France World Cup squad counting on Zizou factor

26th May 2006, Comments 0 comments

PARIS, May 25, 2006 (AFP) - Zinedine Zidane was afforded a send-off befitting a hero on his last appearance at the Santiago Bernabeu stadium for Real Madrid.

PARIS, May 25, 2006 (AFP) - Zinedine Zidane was afforded a send-off befitting a hero on his last appearance at the Santiago Bernabeu stadium for Real Madrid.

But that emotional farewell will seem like a children's tea-party if the midfield legend can sign off his remarkable career by conjuring up one last dose of magic for France at the World Cup.

That the world's most expensive player is gracing the finals in Germany having retired from international duty after Euro 2004 is in large part down to a mysterious nocturnal visitor at his bedside last August.

"One night about three o'clock in the morning I woke up suddenly and began speaking with someone. Afterwards I didn't tell anyone about it, not even my wife.

"It was like a revelation, and suddenly I realised I had to go back on my decision to retire."

His unscripted u-turn with three qualifiers to go sparked euphoria among France fans and an immediate upturn in the national team's fortunes.

With Zidane back as number ten France safely secured their place in the 2006 finals as group winners.

There's a feeling backed up by hard fact that when the talismanic playmaker is on song, France sings.

Witness the Marseille native's two goals in the 1998 final against Brazil, and the crippling effect his injury-enforced absence had on the defending champion's 2002 World Cup campaign, though he was thrown in at the death as a desperate last roll of the dice by coach Roger Lemerre in the defeat by Denmark.

Michel Platini describes Zidane in regal terms.

"Technically, I think he was the king of what's fundamental in the game: control and passing, because I don't think anyone can match him when it comes to controlling or receiving the ball."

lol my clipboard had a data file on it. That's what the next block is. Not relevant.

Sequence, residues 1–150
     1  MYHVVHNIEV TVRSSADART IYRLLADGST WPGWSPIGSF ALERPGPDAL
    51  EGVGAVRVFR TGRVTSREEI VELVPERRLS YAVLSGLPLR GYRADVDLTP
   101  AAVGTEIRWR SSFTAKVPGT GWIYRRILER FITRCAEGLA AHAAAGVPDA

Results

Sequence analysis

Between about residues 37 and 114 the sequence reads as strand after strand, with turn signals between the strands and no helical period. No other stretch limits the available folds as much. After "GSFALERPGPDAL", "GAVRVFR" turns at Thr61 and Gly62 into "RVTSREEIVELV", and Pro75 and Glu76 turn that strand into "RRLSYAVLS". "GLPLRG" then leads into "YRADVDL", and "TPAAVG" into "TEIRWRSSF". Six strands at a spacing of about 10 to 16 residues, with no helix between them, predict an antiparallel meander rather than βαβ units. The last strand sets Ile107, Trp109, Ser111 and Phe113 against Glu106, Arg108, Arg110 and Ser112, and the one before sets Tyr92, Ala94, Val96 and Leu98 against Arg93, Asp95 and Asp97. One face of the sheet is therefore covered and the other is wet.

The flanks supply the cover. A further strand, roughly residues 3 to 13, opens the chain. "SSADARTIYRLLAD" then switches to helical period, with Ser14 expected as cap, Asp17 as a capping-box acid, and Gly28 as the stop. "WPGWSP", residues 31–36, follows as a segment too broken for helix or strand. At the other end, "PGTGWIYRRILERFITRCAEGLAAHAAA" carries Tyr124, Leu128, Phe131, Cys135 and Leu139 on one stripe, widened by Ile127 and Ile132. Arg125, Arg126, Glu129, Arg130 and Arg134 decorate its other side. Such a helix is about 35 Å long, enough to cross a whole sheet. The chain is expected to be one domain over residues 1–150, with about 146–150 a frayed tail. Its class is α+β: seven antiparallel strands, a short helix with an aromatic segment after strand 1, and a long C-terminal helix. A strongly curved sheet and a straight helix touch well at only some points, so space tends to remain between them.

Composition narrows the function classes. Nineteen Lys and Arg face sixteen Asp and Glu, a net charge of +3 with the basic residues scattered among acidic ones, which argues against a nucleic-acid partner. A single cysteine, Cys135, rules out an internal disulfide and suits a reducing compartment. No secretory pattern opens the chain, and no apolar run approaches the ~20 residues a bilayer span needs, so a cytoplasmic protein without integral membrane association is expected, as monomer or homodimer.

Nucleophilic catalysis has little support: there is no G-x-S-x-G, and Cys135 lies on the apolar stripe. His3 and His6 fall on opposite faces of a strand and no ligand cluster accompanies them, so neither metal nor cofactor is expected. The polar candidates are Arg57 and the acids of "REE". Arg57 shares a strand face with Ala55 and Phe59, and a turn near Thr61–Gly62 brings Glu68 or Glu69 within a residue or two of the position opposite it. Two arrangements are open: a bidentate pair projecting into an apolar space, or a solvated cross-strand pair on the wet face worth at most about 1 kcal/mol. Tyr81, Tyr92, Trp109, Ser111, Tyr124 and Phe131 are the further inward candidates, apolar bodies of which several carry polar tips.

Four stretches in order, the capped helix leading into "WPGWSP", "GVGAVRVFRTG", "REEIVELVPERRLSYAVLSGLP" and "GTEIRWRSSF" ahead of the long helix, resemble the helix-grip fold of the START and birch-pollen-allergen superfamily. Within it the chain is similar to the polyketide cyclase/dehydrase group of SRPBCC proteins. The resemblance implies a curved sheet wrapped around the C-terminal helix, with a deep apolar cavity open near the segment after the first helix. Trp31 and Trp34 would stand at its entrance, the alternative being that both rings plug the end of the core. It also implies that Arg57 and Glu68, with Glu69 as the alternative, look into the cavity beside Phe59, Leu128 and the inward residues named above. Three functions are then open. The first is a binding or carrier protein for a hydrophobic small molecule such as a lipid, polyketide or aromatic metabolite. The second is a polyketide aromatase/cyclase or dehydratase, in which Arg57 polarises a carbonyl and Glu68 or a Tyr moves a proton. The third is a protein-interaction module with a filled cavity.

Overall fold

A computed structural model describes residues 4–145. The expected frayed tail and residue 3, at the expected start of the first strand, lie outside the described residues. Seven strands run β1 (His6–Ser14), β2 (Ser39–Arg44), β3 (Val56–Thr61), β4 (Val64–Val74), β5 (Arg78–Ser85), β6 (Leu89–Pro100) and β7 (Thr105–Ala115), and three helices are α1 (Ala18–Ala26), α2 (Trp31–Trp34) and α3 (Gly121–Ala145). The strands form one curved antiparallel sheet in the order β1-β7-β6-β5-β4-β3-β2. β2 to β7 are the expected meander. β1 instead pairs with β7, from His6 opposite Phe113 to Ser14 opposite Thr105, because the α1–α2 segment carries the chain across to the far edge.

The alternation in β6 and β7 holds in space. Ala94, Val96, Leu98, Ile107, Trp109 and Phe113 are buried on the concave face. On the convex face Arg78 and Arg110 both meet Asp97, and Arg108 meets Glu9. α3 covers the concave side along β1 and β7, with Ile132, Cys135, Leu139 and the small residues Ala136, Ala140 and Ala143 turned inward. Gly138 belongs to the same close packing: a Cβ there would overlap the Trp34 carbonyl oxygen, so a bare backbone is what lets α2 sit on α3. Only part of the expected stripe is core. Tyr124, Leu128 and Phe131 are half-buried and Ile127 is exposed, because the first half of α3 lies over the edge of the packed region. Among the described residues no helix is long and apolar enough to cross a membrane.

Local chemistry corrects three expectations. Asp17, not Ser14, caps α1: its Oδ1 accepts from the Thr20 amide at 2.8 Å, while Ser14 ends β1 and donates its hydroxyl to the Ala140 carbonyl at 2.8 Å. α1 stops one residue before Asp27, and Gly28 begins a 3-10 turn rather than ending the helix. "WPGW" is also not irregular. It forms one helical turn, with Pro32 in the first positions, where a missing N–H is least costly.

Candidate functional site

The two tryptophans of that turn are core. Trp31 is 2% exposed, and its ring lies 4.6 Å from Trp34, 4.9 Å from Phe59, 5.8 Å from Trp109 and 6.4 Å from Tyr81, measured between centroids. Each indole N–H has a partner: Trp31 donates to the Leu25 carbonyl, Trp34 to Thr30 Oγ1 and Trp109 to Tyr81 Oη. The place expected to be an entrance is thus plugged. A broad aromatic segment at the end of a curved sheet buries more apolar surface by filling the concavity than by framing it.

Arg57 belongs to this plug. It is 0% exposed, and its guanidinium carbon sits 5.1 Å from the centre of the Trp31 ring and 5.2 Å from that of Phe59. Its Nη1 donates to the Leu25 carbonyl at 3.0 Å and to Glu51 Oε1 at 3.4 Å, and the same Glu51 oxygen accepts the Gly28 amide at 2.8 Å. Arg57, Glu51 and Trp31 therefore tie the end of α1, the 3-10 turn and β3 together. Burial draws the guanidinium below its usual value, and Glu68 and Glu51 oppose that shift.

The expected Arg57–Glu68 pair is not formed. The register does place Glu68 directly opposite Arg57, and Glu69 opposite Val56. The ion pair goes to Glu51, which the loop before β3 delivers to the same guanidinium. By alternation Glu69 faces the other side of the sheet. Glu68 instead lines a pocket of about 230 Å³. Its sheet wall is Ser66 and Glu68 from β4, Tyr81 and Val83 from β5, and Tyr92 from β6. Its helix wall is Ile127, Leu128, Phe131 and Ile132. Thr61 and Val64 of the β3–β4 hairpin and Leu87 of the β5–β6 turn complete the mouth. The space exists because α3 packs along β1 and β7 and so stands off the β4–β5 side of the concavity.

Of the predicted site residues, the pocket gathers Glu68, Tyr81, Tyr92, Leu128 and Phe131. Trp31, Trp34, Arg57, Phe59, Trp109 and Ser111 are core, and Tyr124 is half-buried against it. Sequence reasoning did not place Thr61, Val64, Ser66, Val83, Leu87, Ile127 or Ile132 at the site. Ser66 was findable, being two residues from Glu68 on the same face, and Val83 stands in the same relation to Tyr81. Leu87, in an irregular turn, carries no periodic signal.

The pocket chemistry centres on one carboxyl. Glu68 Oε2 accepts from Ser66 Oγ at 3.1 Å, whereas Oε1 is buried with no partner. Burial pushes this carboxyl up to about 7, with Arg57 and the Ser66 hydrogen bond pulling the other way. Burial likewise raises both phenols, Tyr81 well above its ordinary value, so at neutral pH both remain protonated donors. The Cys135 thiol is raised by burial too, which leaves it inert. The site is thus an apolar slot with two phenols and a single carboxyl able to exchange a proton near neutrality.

France coach Raymond Domenech had more reason than most to celebrate his return from international exile.

"Through his immense talent and multiple exploits, Zizou has made his mark forever on the history of French and international football.

"I know that he really wants to succeed in Germany and I'm convinced that he still has the most beautiful page of his sporting history to write: winning a second World Cup with the Blues."

The man himself, whose EUR 75 million move from Juventus to Real is still the world's highest transfer, would dearly love to go out with the sound of champagne corks popping in his ears.

"It would be good if I could finish my international career in the French team with a big and beautiful success. I want to become World champion again - that's my goal."

A three-time FIFA World Player of the Year in 1998, 2000 and 2003 Zidane, who turns 34 in June, goes into his grand finale with 99 caps for France, including 17 as captain.

He made his France debut 12 years ago against the Czech Republic when he scored the first two of his 28 international goals.

Considered one of the true footballing greats Zidane has won every title worth winning but it's his two bullet headers past Brazil goalkeeper Claudio Taffarel at the Stade de France seven years ago that ensured his place in French hearts.

"I think his two goals left an indelible mark on a whole generation," said Platini.

His club career took off under Luis Fernandez' Cannes before his 17th birthday. Two years later he was on the international stage.

After a spell at Bordeaux, Zidane moved to Juventus who splashed out four million dollars to secure his artistry.

In Italy, Zidane's stock rose sharply as he won the European Super Cup, two Intercontinental Cups and two Italian championships.

After helping France win Euro 2000 he moved to Real and two years later he scored a superb left-footed volley in Real's win over Bayer Leverkusen in the Champions League final.

Despite scaling the heights of his chosen metier the father-of-four, who hails from Algerian stock, has remained true to his roots.

Although he's never played at the Stade Velodrome he's revered in his native city.

Drive south on the Corniche, past the old port, and you'll come to a bend in the road dominated by a giant near-religious depiction of the city's most famous son painted onto the side of a building.

With the inscription 'Made In Marseille' above his head Zidane looks out to sea, to a future post-2006 in which he wants to pass on his silky skills to a whole new generation of footballers at Real's youth academy.

But before that there's a minor matter to attend to in Germany.

Copyright AFP

Subject: French news

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